5 Op. Cit., p. 375.

struction costs. The total costs over a 10 year period would be about $5 billion. He would finance the upkeep of the student because now students predominately come from high income groups.

Though I am sympathetic with the general position, I find it difficult to accept this additional burden on the Federal budget at the present time. The case would be stronger in the post-Vietnam era.

But even then one may raise the following issues. Why subsidize the medical student to this extent and not introduce similar programs for scientists and teachers who are equally scarce?

The case is especially weak for the future physician because the income of the practising physician is now $30,000 to $40,000 a year. Would it not be more equitable to finance the future doctors by a loan program? The physician would then finance it by paying a percentage of his life time income depending upon the amounts borrowed during his training period. So long as incomes are high the doctor will pay proportionately more. This program could easily be integrated with a loan program for all college students and financed over the life time of the students. In this manner, society will finance part of the cost of training in that as incomes rise as a result of inflation or rising productivity, the financial burden on the doctor will be reduced and society's contribution will be increased. Should doctors' income rise as much as incomes of all members of the labor market-doctor's income have been going up more rapidly-then in 50 years we might expect doctors' income to rise to about $300,000 a year.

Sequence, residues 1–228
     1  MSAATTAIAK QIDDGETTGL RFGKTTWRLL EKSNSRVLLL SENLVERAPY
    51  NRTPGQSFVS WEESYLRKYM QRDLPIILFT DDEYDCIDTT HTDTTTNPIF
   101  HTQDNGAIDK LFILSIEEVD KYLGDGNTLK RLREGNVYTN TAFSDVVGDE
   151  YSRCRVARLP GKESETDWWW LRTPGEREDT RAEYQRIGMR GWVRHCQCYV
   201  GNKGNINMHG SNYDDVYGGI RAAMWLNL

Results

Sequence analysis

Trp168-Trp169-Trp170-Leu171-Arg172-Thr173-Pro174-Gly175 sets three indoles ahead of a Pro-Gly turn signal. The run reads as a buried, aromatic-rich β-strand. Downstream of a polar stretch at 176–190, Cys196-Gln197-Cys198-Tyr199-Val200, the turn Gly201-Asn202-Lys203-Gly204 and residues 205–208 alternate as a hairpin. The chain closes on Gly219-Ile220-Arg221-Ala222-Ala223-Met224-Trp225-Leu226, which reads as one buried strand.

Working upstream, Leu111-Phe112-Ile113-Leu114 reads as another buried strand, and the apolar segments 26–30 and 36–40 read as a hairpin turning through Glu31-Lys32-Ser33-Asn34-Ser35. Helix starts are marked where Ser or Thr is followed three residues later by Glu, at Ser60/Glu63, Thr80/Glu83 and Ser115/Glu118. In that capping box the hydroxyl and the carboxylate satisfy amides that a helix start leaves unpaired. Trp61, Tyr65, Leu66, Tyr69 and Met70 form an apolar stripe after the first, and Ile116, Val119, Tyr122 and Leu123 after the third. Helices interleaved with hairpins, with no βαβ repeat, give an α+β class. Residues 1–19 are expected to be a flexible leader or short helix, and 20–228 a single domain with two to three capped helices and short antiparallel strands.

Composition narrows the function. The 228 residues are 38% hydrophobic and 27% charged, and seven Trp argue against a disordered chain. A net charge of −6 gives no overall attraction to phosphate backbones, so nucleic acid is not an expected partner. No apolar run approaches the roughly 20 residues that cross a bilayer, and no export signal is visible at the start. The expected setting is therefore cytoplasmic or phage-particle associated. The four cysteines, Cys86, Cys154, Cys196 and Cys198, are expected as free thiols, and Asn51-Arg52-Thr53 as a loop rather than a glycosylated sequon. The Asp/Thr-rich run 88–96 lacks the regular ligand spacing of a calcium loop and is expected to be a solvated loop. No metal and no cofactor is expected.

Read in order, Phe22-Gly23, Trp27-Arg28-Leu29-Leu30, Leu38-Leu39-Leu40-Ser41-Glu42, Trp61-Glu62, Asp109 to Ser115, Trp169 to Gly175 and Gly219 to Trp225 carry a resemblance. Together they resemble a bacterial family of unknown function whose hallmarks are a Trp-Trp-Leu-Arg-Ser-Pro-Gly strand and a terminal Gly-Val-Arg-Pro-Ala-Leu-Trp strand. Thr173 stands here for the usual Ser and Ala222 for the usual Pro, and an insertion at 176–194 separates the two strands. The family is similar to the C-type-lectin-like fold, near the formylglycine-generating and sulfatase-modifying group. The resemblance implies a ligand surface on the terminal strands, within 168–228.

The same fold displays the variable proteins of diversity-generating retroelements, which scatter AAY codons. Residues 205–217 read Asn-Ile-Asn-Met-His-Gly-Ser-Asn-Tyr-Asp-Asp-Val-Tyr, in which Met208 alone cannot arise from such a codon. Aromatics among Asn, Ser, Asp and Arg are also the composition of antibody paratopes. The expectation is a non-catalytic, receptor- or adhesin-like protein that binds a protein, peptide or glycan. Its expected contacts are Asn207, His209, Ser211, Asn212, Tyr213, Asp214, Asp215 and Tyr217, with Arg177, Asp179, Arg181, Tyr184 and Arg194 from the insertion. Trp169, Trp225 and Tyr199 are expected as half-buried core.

Such a loan program would enable all students of quality to get a medical education, to choose any school where he is acceptable, and he would finance his education over his active life instead of being burdened exclusively during his years of training.


Medicare of course marks a great advance: in funds going into medicare; in providing additional help to the group that needed it most-the aged; in accepting the principle that compulsory health insurance for a large segment of the population.

But there are still many reservations. Under Medicare, benefits are still restricted in the payment of doctors' bills. Expert estimate coverage-once allowance is made for corridors, co-insurance, exclusion of dental and other benefits-at only about 50 per cent of doctors' services. Moreover, the doctors seek to avoid assignments, which means higher charges to the patient, and are frequently criticized for charging in excess of usual charges. To get an increase, a requirement of Blue Shield of New York is that the rise apply to all patients, not merely those covered under Medicare. Much unhappiness also prevails because the doctor is compensated on the basis of fees for services thus increasing the difficulties of those (notably hospitals and group plans) where payment is on a capitation basis.

Yet something can be said for the limited coverage and benefits.

Had coverage been complete, the pressure on resources would have been much greater, and prices risen even more than they have. Moreover, under these more generous conditions, the pressure for universal compulsory insurance would have increased greatly. Ultimately the country is likely to accept compulsory insurance. But there is something to be said for experimentation on a restricted basis at first and also for the avoidance of another inflationary pressure in the midst of general inflationary trends. Medical shortages and bottlenecks have contributed much to the inflation of the last few years. The contributions to inflation comes from Medicaid, and private insurance as well as Medicare. The price of medical services and especially of hospital services has especially soared. But we should observe that in some areas, the quality of service on the introduction of new and costly procedures raise prices. In part these increases may be described as non-inflationary. That is to say, the quality of services has improved-an offset to higher prices.

Dr. Cherkasky pointed out that 50 percent of physicians come from those in the top 12% of income levels.

« PreviousContinue »